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THE INSIDE TRACK | MORNING BRIEFING

Holy Cow! Kiner Wit Cuts Like a Dull Knife

May 19, 1997|MAL FLORENCE

Jason Stark of the Philadelphia Inquirer, always in search of new Kinerisms, the off-the-wall comments of New York Met broadcaster Ralph Kiner, has the following to offer:

"After a close pitch in a Mets-Cubs game was called strike three, Ralph's broadcast partner, Rusty Staub, observed that that kind of pitch 'makes you want to commit hari-kari.'

"To which Ralph, the quick thinker replied: 'And he's right next door.' "

Add Kiner: "Ralph the Mario Lemieux fan made his only foray into hockey news by announcing that 'the dynasty of the Pittsburgh Penguins has been undynastied.' "

Trivia time: Who holds the NBA playoff record for points in the first half?

Maxfli is a stand-in: Disney is being sued by the maker of Ping golf clubs, because one of the characters in Disney's upcoming movie is named Ping.

Said Joe Posanski of the Kansas City Star: "The Disney people say the suit is preposterous and immediately renamed the character 'Titleist.' "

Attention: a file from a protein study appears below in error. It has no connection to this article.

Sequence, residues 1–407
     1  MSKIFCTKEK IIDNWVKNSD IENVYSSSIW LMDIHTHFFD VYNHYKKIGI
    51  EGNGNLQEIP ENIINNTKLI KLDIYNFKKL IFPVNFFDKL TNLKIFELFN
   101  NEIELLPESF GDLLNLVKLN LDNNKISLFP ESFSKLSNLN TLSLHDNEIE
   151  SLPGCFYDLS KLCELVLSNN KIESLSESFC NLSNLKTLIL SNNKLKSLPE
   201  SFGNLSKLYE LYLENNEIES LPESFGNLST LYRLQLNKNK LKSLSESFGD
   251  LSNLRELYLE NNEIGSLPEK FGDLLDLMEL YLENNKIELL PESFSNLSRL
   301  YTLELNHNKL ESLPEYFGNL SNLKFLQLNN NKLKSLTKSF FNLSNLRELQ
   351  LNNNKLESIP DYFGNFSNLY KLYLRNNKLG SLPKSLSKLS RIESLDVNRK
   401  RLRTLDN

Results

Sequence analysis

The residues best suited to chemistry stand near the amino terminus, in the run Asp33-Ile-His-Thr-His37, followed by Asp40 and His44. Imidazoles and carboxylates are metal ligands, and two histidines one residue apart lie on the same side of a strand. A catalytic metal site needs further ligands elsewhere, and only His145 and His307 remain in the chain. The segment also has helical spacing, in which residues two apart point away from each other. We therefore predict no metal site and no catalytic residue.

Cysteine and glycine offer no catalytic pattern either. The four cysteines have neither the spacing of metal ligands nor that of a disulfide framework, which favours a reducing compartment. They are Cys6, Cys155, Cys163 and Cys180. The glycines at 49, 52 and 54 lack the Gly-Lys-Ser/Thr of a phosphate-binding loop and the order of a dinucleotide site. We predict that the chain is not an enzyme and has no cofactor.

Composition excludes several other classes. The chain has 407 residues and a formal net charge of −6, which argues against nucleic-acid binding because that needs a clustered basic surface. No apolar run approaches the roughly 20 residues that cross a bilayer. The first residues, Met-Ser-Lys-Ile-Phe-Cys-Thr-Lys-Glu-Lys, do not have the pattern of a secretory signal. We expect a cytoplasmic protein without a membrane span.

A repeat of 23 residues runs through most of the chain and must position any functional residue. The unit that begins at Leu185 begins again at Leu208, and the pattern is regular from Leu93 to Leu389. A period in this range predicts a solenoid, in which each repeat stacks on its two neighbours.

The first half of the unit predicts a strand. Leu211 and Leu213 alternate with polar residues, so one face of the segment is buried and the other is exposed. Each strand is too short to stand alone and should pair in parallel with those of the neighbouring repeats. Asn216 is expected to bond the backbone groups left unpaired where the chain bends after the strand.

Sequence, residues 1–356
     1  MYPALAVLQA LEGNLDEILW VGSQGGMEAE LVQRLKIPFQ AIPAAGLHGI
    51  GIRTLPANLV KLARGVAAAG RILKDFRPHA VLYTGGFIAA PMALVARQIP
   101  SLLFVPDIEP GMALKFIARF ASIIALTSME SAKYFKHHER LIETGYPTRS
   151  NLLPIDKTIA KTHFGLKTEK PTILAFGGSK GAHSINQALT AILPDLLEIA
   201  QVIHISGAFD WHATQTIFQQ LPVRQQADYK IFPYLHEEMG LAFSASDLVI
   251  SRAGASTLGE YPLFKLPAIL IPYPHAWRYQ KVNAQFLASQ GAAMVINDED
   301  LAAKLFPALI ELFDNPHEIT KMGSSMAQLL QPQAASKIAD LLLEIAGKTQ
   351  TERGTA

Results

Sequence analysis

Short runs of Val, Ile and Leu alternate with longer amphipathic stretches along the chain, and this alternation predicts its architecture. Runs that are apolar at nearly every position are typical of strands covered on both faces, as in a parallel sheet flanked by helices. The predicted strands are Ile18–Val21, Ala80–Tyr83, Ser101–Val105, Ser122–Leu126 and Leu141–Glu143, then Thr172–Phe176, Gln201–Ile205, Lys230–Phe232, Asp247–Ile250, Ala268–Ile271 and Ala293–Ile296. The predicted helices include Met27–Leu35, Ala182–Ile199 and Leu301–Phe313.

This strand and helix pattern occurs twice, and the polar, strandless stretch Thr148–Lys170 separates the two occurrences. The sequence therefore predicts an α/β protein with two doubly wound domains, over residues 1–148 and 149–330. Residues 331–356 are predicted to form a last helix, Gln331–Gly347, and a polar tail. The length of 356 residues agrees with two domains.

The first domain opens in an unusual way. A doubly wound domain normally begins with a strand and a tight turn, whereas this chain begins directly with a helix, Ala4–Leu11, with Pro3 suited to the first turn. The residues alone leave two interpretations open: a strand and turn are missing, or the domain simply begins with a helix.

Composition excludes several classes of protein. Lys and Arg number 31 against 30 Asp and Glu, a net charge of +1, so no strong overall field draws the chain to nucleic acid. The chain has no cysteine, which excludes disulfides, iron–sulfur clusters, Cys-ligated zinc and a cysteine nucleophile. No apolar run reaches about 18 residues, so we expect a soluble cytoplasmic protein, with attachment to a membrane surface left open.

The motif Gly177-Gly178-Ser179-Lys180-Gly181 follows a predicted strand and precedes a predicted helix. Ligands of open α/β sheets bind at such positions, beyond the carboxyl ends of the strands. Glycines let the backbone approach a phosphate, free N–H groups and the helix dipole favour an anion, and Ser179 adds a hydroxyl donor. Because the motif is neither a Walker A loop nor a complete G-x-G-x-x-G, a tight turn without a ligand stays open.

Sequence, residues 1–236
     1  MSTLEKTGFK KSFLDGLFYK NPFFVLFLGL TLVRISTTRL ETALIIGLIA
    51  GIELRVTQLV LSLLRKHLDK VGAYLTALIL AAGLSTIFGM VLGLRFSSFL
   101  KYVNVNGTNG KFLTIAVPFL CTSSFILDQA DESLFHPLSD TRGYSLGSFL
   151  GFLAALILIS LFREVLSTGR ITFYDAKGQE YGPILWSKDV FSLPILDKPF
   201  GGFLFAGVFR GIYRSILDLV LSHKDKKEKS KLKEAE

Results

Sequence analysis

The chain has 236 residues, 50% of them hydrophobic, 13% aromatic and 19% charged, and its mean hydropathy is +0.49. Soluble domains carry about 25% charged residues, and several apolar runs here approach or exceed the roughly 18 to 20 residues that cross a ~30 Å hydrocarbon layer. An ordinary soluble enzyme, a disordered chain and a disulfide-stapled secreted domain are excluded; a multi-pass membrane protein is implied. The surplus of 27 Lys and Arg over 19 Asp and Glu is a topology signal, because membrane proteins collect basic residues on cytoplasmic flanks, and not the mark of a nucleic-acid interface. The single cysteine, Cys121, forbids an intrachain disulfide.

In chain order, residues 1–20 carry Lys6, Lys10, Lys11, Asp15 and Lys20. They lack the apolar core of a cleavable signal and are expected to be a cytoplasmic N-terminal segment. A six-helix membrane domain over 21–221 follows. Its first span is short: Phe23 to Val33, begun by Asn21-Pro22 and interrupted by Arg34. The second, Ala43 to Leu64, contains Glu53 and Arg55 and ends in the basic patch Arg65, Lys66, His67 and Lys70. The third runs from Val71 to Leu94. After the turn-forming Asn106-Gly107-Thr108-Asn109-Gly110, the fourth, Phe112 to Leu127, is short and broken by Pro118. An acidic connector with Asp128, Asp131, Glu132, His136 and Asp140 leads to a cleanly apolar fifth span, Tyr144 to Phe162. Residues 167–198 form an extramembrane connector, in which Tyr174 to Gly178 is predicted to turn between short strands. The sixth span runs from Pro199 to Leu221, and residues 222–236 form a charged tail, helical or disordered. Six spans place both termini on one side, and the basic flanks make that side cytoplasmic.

Revelation: Detroit winger Brendan Shanahan on teammate Vladimir Kostantinov: "When I was in St. Louis, I thought he was a borderline dirty player. Now I know he's a borderline dirty player."

Waah! Dennis Rodman celebrated his 36th birthday Tuesday. Said Jay Leno: "Isn't that amazing? It seems like just yesterday he was in his first training bra."

In-state insult: Ray Parillo of the Philadelphia Inquirer commenting on the Pittsburgh Penguins:

"Pittsburgh, the [Philadelphia] Flyers' first-round opponent, had no defense or any interest in competing. The Penguins didn't even have someone worth hating."

Luxury tank: Atlanta Brave pitcher Denny Neagle is impressed with the new home clubhouse at Turner Field in Atlanta:

"All the stuff is great," he said. "There's even a huge Jacuzzi. You can swim in it. When the jets start up, it's like you're swimming against the current."

Major project: Bill Lyon of the Philadelphia Inquirer on the hiring of Larry Brown to coach the Philadelphia 76ers: "He has always done his best work with the certifiably hopeless. So he is in the right place now."

Looking back: On this day in 1979, major league umpires returned to work after a six-week strike that forced baseball to play its games with amateur and minor league arbiters.

Trivia answer: Sleepy Floyd of Golden State, with 39 points against the Lakers on May 10, 1987.

And finally: In a classic understatement, Richard Sporn, a golfer at Ridgewood Country Club in White Plains, N.Y., told Golf World: "We heard there was a hazard."

His round was interrupted when a 3-year-old black bear was cornered by police officers on the course.

After being subdued with a dart from a tranquilizer gun, the bear was returned to the wild.

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